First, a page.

As Russia’s influence in Syria grew, the Russian language became increasingly popular in the country. The SAR is gradually recovering from the aftermath of violent civil war, and so the interaction between Russia and Syria is markedly expanding. Today there are a large number of Russian citizens on the territory of the SAR who interact with Syrians. The language barrier considerably hinders the process of rapprochement between the two countries, so in recent years, the Syrian government has embarked on a course of introducing the Russian language to the masses.
In 2017, Syrian Ambassador to Russia Riyad Haddad reported that Syrian President Bashar al-Assad had granted Russian the status of a second national language, thus underscoring the importance of building a bilateral dialogue between Russia and Syria. According to a Syrian diplomat, Bashar al-Assad decided to make Russian the second most important language in the state, in order, first of all, to show respect to Russia for its help in difficult times, thanks to which the official and legitimate government managed to withstand the onslaught of radical Islamists. It is important to note that some Syrian families express their gratitude to Russia by naming their sons Putin after the current Russian president, along with other various Russian names. The ambassador also reported that Bashar al-Assad had ordered the allocation of a plot of land near Damascus for the construction of a Russian school free of charge.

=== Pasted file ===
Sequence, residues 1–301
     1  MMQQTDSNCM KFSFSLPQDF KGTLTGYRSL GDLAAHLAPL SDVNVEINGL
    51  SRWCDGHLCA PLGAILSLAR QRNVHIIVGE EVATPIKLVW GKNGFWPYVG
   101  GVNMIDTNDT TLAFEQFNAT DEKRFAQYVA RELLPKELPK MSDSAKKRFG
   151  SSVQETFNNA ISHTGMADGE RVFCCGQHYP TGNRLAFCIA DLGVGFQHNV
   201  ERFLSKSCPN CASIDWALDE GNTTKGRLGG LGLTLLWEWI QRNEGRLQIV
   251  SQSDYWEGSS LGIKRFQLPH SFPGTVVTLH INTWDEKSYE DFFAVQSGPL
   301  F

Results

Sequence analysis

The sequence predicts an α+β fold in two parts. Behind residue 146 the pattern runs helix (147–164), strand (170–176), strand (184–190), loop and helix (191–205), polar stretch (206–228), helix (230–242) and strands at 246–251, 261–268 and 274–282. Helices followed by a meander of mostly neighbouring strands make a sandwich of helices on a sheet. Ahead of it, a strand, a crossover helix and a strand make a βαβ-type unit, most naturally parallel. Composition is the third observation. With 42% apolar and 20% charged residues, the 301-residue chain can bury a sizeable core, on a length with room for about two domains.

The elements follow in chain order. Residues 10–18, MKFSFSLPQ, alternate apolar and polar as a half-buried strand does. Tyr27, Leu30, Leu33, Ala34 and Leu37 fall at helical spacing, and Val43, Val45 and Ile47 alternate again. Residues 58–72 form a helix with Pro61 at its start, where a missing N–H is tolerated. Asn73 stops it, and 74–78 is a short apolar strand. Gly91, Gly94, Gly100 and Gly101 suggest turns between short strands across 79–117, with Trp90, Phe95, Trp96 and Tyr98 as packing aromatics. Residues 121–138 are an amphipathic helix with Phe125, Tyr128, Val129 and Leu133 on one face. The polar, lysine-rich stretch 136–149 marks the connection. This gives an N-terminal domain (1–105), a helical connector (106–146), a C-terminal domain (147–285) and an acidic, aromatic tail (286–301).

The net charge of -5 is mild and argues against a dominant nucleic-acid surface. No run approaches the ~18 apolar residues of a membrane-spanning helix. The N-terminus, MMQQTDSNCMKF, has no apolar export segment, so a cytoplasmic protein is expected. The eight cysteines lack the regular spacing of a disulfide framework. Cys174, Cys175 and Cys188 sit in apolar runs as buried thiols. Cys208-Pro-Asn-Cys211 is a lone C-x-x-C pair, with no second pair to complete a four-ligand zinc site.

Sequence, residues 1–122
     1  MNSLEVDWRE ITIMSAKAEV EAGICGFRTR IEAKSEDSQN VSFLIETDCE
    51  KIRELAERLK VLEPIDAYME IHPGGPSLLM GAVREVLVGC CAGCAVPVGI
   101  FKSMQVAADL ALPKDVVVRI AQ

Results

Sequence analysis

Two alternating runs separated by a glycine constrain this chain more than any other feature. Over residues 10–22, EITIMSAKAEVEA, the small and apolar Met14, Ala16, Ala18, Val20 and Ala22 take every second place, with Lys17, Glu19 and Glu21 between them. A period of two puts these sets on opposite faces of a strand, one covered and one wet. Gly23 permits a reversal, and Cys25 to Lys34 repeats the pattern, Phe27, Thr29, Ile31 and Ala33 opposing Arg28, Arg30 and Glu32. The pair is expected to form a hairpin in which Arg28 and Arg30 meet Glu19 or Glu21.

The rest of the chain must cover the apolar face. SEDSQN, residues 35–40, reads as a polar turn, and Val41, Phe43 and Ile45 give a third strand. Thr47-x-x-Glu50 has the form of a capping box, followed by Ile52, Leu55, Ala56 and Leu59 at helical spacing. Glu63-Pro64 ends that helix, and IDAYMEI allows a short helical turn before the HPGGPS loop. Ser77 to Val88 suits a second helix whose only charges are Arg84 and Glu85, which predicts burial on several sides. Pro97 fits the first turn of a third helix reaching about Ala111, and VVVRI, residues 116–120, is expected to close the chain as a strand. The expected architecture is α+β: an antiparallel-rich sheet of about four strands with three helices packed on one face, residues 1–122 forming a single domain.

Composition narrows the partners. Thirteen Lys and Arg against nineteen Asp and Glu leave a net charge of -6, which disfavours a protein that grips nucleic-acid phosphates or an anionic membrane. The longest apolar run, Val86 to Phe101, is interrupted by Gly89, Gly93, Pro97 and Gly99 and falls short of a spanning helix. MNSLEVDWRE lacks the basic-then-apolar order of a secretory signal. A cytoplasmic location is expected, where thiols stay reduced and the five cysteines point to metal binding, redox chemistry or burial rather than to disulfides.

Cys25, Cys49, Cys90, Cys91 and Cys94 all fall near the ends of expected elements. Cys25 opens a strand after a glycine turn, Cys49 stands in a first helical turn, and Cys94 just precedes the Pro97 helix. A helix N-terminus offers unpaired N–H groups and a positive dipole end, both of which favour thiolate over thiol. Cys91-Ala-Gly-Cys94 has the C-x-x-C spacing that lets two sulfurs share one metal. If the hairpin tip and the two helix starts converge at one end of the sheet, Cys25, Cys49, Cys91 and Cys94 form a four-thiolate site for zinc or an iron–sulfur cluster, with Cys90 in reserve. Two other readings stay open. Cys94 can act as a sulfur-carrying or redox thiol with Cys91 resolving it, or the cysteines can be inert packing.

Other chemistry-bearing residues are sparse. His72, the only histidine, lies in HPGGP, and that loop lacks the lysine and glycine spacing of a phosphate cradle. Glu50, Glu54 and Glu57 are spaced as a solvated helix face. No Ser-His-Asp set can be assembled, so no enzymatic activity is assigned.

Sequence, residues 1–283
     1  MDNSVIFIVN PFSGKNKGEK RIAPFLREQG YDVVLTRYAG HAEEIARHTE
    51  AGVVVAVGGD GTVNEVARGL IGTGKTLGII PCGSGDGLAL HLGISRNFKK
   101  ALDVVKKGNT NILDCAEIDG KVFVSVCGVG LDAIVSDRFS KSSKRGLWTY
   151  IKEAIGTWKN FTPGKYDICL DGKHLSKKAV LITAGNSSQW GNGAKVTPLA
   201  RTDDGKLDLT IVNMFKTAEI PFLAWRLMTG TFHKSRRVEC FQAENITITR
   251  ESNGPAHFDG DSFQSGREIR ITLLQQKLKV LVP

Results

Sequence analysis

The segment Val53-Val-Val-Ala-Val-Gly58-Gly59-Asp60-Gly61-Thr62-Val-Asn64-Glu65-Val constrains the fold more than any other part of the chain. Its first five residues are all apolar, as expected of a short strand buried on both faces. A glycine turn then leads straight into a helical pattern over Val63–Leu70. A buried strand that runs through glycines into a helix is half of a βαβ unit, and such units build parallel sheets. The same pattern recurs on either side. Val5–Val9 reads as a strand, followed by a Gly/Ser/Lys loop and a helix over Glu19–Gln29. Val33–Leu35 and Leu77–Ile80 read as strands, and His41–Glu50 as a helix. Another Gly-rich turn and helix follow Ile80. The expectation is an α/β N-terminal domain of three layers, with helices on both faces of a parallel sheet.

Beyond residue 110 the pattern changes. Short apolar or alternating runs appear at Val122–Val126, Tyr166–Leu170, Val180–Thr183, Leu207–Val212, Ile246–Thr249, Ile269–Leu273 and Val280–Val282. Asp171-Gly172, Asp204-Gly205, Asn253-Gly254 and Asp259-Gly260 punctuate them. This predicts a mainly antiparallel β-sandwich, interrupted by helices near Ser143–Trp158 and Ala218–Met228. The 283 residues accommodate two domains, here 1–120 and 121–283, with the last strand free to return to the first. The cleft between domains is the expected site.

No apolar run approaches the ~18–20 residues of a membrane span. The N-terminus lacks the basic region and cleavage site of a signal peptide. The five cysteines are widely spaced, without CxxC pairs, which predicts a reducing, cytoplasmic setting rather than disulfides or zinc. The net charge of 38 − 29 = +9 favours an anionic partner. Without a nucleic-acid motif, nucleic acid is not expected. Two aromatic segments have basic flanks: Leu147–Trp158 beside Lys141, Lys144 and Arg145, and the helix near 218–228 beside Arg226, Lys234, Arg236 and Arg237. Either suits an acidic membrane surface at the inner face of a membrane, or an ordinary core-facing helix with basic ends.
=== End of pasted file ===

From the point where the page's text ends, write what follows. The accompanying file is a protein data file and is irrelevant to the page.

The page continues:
It is interesting to note that 10% of the population of Syria are Christians, many of whom start families with Russian-speaking wives from Russia, and raise their children in a multilingual and multicultural environment. It is in Syria, incidentally, where the most important Christian shrines in the world are located.